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Journal of Quantitative Criminology

, Volume 30, Issue 4, pp 577–598 | Cite as

Validating Self-Nomination in Gang Research: Assessing Differences in Gang Embeddedness Across Non-, Current, and Former Gang Members

  • Scott H. Decker
  • David C. Pyrooz
  • Gary Sweeten
  • Richard K. MouleJr.
Original Paper

Abstract

Objective

The study of gang members is closely linked to the self-nomination method. It is timely to revisit the criterion validity of self-nomination, as recent theoretical and empirical advancements in gang disengagement necessitate further differentiating current from former gang members. This study assessed differences in gang embeddedness—a construct that taps individual immersion within deviant social networks—across three groups: current gang members, former gang members, and those individuals who have never joined a gang.

Methods

Data gathered in 2011 from a high-risk sample of 621 individuals in five cities were used to assess the validity of the self-nomination method. Standardized differences in a mixed graded response model of gang embeddedness were evaluated across the three statuses of gang membership.

Results

Self-nomination was strongly related to embeddedness in gangs, even after controlling for demographic, theoretical, and gang-related factors. The strongest predictor of gang embeddedness was self-nomination as a current or a former gang member, although current gang members maintained levels of gang embeddedness about one standard deviation greater than former gang members. Self-nomination was also the primary determinant of gang embeddedness for males, females, whites, blacks, and Hispanics.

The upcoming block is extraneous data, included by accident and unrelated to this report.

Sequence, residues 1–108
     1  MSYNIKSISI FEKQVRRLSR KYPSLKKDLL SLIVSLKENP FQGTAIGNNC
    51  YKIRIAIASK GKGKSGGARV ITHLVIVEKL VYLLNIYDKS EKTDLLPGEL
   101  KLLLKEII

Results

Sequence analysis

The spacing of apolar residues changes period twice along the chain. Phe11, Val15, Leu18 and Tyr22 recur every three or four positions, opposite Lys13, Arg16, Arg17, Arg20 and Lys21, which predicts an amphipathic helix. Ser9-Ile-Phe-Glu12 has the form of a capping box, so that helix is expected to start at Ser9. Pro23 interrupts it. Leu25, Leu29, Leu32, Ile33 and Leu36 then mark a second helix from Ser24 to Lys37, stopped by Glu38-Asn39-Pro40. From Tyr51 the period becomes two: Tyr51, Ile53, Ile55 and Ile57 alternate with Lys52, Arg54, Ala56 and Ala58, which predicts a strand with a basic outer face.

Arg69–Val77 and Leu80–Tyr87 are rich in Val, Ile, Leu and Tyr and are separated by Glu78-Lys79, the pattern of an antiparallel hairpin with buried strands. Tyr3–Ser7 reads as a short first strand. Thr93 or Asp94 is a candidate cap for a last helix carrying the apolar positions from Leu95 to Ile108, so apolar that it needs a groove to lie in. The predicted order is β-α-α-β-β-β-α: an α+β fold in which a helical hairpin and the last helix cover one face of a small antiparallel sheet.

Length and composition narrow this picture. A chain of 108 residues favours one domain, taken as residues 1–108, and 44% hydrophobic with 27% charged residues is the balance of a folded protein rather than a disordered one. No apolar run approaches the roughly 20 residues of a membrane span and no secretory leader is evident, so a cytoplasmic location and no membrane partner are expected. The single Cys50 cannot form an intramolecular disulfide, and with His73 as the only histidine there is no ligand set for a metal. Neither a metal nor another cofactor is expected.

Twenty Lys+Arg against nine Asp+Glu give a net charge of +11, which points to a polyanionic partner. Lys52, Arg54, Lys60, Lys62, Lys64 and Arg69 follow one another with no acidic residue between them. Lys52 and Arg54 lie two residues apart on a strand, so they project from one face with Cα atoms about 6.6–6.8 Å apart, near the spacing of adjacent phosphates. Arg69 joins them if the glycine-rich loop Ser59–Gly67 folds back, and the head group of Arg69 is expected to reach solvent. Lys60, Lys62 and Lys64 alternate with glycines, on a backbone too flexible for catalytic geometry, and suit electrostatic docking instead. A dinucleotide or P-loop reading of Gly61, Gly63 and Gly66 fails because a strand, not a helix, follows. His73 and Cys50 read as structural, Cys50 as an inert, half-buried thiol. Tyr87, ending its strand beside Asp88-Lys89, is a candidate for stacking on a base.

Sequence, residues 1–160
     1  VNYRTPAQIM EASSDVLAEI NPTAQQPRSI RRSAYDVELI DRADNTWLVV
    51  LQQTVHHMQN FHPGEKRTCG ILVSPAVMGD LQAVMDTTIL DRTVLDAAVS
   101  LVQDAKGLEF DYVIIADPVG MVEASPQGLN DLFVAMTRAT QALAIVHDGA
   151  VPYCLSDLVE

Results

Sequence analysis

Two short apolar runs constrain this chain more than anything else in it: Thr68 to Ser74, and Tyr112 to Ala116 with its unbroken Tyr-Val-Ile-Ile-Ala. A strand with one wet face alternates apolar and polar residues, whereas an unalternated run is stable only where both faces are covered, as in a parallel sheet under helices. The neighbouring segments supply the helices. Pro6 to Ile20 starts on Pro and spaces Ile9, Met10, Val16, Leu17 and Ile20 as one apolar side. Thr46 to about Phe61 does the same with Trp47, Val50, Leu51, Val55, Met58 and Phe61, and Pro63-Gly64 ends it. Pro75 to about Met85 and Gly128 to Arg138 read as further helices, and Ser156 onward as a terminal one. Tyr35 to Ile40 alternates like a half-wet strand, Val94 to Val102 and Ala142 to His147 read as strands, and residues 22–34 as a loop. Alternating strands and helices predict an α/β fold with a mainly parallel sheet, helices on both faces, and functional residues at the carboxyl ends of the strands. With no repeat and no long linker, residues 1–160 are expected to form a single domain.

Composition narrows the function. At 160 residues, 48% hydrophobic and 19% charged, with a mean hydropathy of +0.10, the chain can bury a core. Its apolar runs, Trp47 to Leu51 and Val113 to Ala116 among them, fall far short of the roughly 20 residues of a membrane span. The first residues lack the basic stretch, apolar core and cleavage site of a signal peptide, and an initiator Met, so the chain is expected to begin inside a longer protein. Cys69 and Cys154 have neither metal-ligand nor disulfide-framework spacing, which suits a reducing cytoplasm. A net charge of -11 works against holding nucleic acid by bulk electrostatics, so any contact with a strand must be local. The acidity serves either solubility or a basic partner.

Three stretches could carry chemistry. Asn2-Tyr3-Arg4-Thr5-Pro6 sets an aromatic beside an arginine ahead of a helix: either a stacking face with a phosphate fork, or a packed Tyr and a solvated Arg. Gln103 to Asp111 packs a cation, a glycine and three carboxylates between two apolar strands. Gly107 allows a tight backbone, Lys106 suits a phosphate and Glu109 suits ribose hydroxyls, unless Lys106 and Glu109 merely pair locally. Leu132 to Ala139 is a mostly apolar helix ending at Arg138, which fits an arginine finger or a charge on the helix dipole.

Conclusion

The results of this study provide strong evidence in support of the use of self-nomination to differentiate between non-gang and gang members as well as current and former gang members, adding to a body of research demonstrating that self-nomination is a valid measure of gang membership.

Keywords

Gang membership Self-report Item response theory Embeddedness 

Notes

Acknowledgments

Funding from Google Ideas supported this project. We are grateful for their support. The content of this paper, however, is solely the responsibility of the authors and does not necessarily represent the official views of Google.

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Copyright information

© Springer Science+Business Media New York 2014

Authors and Affiliations

  • Scott H. Decker
    • 1
  • David C. Pyrooz
    • 2
  • Gary Sweeten
    • 1
  • Richard K. MouleJr.
    • 1
  1. 1.School of Criminology and Criminal JusticeArizona State UniversityPhoenixUSA
  2. 2.Department of Criminal Justice and CriminologySam Houston State UniversityHuntsvilleUSA

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